Moreover, SCC will introduce the conservation message into a Maritime Passenger Service course it helped develop at the Institute of Technical Education in April next year.

In the future, Ms Siaw hopes that SCC will be able to enlist the help of cruise lines which berth at SCC's terminals to minimise their impact to the Coral Triangle.

'In the near future, there's nothing to stop us from incentivising the cruise lines to be more environmentally conscious and to take steps to protect the environment,' she said.

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Lamenting the loss of another piece of history

Dr Gan Su-lin Today Online 15 Nov 11;

It started innocently enough; a notice in the newspapers about a Chinese cemetery making way for an MRT depot. This prompted me, in early 2008, to drive over with some colleagues for a look-see.

That visit saw us spending the next 13 months actively collecting information, oral histories, and documenting exhumation and temple-related rituals. Our photos reveal that we literally watched as the verdant serenity and historical riches of Kwong Hou Sua Cemetery (KHS) off Woodlands Road were utterly and irrevocably erased.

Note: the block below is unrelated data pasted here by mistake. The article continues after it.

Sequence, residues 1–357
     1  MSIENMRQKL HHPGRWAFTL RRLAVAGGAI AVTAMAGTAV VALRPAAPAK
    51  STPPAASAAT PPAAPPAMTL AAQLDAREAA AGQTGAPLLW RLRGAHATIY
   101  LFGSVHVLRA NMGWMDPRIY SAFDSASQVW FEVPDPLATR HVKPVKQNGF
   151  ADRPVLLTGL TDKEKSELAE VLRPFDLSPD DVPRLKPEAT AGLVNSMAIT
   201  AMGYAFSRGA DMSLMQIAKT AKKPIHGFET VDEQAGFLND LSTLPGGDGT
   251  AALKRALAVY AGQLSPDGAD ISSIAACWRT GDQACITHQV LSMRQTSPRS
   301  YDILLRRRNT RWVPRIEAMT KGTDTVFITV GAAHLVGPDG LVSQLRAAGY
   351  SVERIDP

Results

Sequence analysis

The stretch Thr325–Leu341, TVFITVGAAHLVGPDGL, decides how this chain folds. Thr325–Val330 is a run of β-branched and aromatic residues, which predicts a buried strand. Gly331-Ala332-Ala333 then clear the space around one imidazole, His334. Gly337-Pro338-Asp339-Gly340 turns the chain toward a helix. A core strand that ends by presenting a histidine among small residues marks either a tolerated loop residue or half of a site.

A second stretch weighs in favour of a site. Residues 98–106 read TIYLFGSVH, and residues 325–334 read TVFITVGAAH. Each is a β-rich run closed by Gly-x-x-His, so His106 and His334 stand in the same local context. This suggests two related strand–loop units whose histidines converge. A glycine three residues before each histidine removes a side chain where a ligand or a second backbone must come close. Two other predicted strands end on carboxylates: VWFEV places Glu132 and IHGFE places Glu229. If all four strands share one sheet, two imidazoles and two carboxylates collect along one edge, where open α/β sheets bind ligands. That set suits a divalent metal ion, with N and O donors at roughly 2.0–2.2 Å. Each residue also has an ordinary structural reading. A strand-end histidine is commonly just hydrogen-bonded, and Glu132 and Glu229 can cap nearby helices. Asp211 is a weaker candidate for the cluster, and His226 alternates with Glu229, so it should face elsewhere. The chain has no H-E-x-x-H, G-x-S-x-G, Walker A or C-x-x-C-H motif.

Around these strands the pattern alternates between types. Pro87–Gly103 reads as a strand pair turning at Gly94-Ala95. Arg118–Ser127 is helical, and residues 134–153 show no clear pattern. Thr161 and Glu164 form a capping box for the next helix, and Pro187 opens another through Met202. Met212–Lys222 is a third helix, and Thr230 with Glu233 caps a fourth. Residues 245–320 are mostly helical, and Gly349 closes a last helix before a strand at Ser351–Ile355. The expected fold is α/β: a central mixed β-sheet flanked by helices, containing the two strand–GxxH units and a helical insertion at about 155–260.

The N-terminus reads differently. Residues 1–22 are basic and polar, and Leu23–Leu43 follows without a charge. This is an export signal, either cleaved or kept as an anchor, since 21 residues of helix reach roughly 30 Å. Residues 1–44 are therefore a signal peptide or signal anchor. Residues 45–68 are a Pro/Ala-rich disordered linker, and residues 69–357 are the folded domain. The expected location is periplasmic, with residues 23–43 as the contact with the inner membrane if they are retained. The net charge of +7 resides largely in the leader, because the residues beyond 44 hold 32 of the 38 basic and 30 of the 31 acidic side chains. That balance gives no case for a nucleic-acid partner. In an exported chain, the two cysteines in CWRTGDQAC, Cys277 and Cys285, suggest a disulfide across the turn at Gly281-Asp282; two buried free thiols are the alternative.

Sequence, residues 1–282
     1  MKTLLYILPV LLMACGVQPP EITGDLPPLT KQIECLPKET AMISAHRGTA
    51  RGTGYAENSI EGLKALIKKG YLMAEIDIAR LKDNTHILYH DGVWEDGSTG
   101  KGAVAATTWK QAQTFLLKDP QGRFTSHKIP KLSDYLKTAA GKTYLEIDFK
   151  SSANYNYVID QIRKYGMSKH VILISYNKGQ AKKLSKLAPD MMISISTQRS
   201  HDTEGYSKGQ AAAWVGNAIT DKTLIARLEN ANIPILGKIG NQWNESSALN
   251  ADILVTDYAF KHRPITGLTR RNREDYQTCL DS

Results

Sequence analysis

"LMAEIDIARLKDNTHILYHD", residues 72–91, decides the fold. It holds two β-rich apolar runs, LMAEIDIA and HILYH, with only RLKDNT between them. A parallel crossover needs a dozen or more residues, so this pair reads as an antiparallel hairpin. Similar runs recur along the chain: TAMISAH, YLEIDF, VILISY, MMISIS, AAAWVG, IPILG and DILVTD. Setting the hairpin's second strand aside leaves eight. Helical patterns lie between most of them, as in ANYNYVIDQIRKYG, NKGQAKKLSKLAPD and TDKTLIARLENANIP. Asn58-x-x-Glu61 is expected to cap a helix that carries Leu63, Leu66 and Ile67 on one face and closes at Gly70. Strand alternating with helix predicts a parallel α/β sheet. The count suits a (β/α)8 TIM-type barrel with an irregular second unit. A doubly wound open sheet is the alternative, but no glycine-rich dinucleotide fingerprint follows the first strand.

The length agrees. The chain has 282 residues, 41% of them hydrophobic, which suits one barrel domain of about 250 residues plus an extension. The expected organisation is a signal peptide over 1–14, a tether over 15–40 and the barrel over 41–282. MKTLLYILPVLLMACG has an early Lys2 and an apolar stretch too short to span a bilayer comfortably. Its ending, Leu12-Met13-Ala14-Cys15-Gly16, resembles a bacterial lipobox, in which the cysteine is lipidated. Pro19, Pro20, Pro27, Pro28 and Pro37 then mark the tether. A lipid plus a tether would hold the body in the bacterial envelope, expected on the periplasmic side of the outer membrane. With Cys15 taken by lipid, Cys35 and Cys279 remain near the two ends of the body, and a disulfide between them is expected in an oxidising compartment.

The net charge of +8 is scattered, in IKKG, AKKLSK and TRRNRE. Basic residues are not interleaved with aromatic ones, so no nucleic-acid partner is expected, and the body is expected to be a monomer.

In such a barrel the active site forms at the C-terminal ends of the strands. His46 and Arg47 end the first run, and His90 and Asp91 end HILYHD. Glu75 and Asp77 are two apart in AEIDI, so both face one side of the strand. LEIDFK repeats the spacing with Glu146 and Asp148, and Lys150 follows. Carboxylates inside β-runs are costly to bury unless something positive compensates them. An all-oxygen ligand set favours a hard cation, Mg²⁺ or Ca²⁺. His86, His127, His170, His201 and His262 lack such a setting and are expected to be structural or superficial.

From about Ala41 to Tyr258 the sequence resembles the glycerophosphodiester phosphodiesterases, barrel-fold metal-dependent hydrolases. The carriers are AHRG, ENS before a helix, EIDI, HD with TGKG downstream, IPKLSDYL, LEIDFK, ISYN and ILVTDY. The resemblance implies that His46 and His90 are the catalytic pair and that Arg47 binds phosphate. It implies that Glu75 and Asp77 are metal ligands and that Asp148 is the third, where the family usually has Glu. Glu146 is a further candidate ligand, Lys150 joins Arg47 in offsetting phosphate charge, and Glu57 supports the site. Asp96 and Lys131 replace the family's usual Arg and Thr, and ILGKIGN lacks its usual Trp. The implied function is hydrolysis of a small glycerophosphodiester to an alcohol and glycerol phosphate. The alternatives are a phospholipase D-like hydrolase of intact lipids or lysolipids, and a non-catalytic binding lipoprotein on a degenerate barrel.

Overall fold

The lush greenery with its bird calls and cicada shrill were steadily replaced with the stink of excavator fumes and the barren lifelessness of uprooted trees and shrubbery. Pieces of once beautiful carved headstones and statuary lying, incongruously, in neat piles of smashed rubble.

Our work in KHS helped me realise I did not feel rooted to Singapore because I had few people, place and thing markers that made me feel proud of Singapore.

Physical markers I valued from childhood and adolescence - such as the National Theatre, National Library and what I remember as Pasir Panjang Beach - have been, like KHS, obliterated.

I do not envy our urban planners who must balance the need for modernisation with conservation. It is the work they are doing that helps keep Singapore an attractive place for investors whose contributions to our nation's economic wealth and comparatively advanced national development afford me the luxury of railing against policies with which I might not always agree.

Still, with each generation, our memories of our beginnings grow dimmer. How can we feel proud of and rooted to a home that offers mostly transient proof points for belonging?

How do we reconcile today's push for character education when our forefathers along with ecological riches and cultural heritage are ploughed under to ease traffic congestion?

With each visit to Bukit Brown, I have again felt the pain from the destruction of Kwong Hou Sua.

I lament the looming loss of the irreplaceable tangible history of our nation. I lament that we selectively remember the past that has made possible much of the present. Worse, that we have failed to systematically record and recount these stories so that our progeny and theirs will remember the many sacrifices and gifts that built Singapore.